Winter at Blydenburgh Park

Photograph by Amanda Signorelli

make sure that the first number on the bag, the "nitrogen" number, is no greater than 10. There's also a formula: WIN/Total Nitrogen (WIN + WSN) x 100 gives you the percent of WIN and should be 30 (30%) or more. The WIN and WSN (water soluble nitrogen) are on the back of the bag. The 3 numbers on the front of the bag are the percentages of Nitrogen-Phosphorous-Potassium per pound of fertilizer. (If you forget the order, it's alphabetical.) Don't think you're getting a bargain by buying combination fertilizers and pesticides and/or herbicides because you could be wasting your money by applying something you don't need and causing more, unnecessary damage to drinking water and waterways. We tend to overwater. Our climate averages 1" of rain per week which is plenty. During extended droughts, Cornell recommends letting your grass go dormant. When the rain returns your lawn will green up again. Overwatering discourages roots from growing long to reach water deeper down and can cause mold and other (continued on next page)

Fertilizer (continued from page 3)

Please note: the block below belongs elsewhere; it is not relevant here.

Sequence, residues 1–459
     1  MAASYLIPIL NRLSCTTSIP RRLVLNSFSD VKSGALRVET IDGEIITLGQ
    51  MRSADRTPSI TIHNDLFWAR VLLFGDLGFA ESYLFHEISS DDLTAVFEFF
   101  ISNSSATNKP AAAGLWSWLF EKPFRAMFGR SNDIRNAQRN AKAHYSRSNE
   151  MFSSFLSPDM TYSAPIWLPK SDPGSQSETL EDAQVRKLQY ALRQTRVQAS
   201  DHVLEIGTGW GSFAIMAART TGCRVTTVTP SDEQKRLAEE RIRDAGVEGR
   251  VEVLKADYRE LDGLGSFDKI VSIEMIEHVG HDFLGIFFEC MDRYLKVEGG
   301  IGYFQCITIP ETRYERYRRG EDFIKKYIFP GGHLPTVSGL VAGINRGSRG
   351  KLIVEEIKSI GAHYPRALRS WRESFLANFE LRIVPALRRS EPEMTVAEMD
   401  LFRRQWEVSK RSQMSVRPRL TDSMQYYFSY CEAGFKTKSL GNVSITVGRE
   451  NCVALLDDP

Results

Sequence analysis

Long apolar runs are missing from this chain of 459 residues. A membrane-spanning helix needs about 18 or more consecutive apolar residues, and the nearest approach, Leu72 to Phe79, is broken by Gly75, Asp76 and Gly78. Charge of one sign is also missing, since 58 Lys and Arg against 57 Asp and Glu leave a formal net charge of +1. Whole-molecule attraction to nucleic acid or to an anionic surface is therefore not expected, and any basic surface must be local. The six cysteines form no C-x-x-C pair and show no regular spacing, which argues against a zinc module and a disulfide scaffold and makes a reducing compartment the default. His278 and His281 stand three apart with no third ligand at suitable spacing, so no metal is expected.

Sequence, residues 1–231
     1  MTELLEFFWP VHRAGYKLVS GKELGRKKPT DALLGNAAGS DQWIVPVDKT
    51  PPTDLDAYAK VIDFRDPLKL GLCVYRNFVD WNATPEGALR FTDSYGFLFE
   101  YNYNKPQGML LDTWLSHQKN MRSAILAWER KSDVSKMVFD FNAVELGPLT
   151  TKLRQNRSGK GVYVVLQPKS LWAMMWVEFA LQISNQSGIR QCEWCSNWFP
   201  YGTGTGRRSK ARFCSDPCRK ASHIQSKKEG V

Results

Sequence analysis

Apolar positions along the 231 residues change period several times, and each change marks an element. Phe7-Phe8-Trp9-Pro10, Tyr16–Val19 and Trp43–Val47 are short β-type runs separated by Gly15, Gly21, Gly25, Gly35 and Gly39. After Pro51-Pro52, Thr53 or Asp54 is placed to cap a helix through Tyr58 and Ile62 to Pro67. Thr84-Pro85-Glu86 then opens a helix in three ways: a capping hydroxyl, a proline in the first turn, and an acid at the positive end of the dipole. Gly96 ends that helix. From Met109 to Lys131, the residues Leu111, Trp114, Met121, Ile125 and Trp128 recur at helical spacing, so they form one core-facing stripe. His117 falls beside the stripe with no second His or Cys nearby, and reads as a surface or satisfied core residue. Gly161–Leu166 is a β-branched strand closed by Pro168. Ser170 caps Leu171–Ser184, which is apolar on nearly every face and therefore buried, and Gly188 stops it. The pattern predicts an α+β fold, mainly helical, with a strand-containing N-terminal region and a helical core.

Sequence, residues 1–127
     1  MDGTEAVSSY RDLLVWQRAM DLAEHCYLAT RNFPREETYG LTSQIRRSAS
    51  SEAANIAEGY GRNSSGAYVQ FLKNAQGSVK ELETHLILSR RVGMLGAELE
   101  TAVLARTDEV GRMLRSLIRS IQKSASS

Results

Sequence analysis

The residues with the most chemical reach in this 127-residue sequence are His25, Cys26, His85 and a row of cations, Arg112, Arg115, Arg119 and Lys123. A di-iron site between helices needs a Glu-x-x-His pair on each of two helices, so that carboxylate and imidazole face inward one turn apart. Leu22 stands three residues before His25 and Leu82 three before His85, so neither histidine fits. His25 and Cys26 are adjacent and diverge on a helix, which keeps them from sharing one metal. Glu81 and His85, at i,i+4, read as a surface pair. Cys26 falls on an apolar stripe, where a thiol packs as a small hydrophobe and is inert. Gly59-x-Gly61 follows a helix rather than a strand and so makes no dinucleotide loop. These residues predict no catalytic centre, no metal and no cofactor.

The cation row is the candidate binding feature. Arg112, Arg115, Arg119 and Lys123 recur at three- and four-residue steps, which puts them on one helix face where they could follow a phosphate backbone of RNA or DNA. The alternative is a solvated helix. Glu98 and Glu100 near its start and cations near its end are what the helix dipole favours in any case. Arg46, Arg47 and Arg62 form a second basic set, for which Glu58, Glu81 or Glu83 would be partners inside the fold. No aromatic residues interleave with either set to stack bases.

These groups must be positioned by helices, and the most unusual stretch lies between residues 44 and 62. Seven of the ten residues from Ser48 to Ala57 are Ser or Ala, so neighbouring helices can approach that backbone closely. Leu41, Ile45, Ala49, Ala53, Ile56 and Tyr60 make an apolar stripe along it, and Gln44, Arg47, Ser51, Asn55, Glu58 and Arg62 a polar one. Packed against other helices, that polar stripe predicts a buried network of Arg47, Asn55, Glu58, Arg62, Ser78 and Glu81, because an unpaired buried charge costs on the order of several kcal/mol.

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by Jane Fasullo On January 23rd, 2012, some Long Island Sierra Club · A study of cumulative effects of drilling on nongroup members joined many other concerned citizens human life forms including aquatic and plant. from around New York State to lobby in Albany for One lobby group, led by Jane Fasullo, also asked two laws and actions to better protect New Yorkers from the of the representatives visited to consider repealing the negative effects of high volume hydraulic fracturing for compulsory integration law. This law permits taking natural gas. of surface land without the owner's permission for use Amongst the demands were: in drilling. (For more information, see http://www. · Passage of the "home rule" bill, which would allow local governments to create zoning rules that would, for For more information or to get on a list of people all intents and purposes, supersede the right of oil and to contact for future lobbying efforts, contact Jane at gas companies to drill. This bill would also make it im- [email protected] or 631-689-1568. possible for the gas companies to sue the local governments for creating such zoning rules. · Passage of a bill calling for a delay in the issuance of drilling permits until more is known about the effects of drilling operations especially on human health. This item was not addressed in the latest release of an environmental impact statement from the Department of Environmental Conservation (this past fall) and we were informed that the DEC is doing this study. · Passage of a bill to undo the hazardous waste "loophole." Currently, chemicals identified as "hazardous" before being used to fracture shale in a drilling operation are, by definition, "industrial waste" after being used. · Passage of a bill to promote solar development and Lobbying in Albany jobs.